So it's been 8 months since I asked about this. And it's disturbing to me still, as for everything I contribute, it only raises my balance 50% of said contribution. Wasn't sure when I first noticed that 2 months ago, so I started screenshots, and sure enough! Where is my other 50% going?! I turn 59 in May, I don't want to have to work until I die. Back in my 30s my plan was to retire at 55 and I could have except I divorced my ex at 48 and started all over. I don't have any substantial debt; $7k balance on a truck and a 3 store credit accounts, only 1 with a balance that will be paid off before the interest free period ends, I only have these to work my credit score up. Everything else is paid for. Since 2018 I've vested a little over $20k in my 401. It's just that missing 50% disturbing me...
Are you 100% vested?
 
Unless you got some hellacious management fees! So you are investing way $100 and only showing $50 for every $100 invested? Something is up?
It's more like $220 every two weeks and shows my vested balance increasing a little over a $100
 
It's more like $220 every two weeks and shows my vested balance increasing a little over a $100
Sounds like you have a tiered vested balance then. Most places you have to work a certain amount of time before you are completely vested. Your money is always yours to take but it usually goes something like this. 1-3 years and you 20%, 5-7 and 60% and then 10 or over you are at 100% or something like that. Every company is different. I’d be contacting my HR department and asking them what’s up.
 
Fucked up that I'm noticing the same . No shit I f I could bail I'd start buying gold .
 
Best not to look at it too often in a bear market. In the end you will come out ahead.

FWIW, I'm down more than 125K from my peak, and recently have taken steps to max out the 401K and Roth IRA per year.
 
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In the last 5 years, the S&P 500 is up 50%. In the last 10 years, the S&P500 is up 150%. In the last 20 years, the S&P500 is up 325%. If you believe in the next 10 years McDonalds will still be flipping burgers, Exxon will still be pumping gas, and Apple will still be selling iPhones, and NAPA will still be selling oil filters, and Merck will still be selling pills, then stay in the market. The market is ultimately driven by earnings over the long term. The short term is nothing but noise intended to confuse you. If you really believe the 500 largest companies in the US will be much worse off in 10 years, then buy land and gold. Hint: You can buy both in stock market in very liquid forms. Forget trying to time the market. No one has ever done it consistently. I have lost much, much more money not being in the market than being in the market.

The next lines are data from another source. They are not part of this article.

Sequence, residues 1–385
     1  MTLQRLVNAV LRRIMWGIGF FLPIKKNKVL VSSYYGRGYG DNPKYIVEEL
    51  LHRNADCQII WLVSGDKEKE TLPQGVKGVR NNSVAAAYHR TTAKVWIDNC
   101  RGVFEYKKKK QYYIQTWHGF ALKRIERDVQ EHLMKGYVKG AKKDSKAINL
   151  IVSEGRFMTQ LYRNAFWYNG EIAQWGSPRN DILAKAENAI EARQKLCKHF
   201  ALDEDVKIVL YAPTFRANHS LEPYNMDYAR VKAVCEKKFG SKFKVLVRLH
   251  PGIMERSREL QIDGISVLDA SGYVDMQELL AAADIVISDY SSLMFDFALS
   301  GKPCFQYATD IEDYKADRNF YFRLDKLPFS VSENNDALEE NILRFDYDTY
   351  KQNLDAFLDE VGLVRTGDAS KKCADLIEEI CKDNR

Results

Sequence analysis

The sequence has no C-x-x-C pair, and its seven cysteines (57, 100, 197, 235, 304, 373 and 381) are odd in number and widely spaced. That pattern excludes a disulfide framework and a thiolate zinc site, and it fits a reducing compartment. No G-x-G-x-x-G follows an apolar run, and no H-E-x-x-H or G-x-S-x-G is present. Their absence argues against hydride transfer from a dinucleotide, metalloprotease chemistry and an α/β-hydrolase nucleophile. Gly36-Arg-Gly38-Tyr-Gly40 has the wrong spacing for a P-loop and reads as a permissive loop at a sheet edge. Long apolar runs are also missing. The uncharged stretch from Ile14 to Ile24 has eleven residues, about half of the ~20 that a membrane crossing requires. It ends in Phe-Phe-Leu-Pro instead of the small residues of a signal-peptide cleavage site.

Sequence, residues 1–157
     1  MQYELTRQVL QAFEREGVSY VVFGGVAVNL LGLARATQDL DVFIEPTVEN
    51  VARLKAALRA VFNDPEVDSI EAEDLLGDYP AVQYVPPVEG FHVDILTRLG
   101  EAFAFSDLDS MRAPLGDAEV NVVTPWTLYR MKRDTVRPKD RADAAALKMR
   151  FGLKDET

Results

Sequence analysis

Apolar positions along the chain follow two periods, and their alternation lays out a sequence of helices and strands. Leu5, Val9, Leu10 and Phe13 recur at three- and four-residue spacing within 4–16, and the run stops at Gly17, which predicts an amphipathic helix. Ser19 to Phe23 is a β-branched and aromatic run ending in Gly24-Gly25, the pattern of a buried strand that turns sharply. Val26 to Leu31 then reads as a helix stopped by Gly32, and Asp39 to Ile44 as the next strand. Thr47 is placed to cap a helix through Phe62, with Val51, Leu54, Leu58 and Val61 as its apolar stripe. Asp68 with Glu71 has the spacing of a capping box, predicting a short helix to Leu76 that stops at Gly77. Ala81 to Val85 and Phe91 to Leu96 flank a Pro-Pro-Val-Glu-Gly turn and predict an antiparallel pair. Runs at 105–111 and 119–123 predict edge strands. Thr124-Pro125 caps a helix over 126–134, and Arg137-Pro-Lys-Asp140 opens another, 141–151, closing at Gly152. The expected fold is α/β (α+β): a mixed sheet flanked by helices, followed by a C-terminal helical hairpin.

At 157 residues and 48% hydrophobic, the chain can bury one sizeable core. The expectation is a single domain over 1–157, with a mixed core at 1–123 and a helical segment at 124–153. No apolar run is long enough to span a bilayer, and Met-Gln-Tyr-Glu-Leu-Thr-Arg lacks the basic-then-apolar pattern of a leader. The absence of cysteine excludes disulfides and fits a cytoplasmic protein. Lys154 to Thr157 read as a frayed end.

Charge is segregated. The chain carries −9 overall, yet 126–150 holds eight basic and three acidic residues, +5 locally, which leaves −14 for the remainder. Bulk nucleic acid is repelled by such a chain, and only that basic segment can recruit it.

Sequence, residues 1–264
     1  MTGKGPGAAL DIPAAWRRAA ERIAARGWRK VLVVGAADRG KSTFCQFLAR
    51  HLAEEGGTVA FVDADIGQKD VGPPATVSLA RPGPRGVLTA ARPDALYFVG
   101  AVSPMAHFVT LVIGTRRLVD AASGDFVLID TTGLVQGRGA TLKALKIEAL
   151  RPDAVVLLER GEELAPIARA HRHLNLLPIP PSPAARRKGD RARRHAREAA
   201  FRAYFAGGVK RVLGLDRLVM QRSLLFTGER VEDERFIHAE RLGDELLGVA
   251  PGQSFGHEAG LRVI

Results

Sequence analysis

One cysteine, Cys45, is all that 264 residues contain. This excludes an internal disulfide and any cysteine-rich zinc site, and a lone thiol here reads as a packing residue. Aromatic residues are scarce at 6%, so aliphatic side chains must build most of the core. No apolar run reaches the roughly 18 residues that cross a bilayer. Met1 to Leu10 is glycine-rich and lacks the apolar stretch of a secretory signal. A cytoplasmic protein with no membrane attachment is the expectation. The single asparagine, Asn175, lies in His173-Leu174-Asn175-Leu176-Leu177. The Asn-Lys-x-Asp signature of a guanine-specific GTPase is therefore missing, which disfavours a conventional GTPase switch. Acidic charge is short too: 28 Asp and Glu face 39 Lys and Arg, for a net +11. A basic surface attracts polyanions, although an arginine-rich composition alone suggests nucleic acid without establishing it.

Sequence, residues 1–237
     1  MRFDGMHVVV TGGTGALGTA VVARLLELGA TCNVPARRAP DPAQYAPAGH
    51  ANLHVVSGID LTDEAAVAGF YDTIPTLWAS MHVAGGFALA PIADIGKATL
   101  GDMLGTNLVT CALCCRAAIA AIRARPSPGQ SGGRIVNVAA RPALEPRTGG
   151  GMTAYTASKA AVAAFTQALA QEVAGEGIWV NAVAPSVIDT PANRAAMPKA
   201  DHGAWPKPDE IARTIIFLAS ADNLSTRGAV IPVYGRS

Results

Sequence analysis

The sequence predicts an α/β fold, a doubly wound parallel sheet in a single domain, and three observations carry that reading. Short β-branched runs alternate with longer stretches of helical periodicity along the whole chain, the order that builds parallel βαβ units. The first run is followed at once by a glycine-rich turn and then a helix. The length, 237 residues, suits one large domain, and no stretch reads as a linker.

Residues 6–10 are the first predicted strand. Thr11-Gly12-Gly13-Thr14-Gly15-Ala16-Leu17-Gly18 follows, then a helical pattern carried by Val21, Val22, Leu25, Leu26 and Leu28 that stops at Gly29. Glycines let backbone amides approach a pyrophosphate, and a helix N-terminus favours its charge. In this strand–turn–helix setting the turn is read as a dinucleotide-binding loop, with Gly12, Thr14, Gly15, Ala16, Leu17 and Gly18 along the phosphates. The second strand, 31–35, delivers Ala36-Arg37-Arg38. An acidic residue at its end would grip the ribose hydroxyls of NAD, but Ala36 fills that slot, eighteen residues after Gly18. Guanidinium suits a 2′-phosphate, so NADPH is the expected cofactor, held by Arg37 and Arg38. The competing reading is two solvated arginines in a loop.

You need to spend $500 on the advice of a financial planner. Your retirement date combined with the performance of the market over the next 5 years following retirement will have a profound impact on your financial security. This is why you need a planner to help you plan your retirement income. The fact that you came here for advice indicates you really need a professional. Find one that doesn't sell anything but advice. Otherwise, your planner will be working in his best interests, not yours. Since you are playing catchup, you will likely need to work longer than you'd like, but with a good supplemental income from your investments, you may be able to pick the jobs you like doing and/or work part time.

I've been retired for 5 years now. I retired when my investment income started exceeding my working wages by 125%. I live off my investments and haven't tapped social security yet. My 'plan' is to invest about 80% of my investments in dividend paying stocks that kick off about 3% in annual dividends with the dividends growing at about 6% each year to cover inflation. I'm losing on dividend growth vs. inflation part over the last 2 years, but I still live comfortably on the dividends and I think inflation will be tamed by the rise in interest rates. The other 20% is invested in growth stocks because they typically increase in value much faster than dividend paying stocks.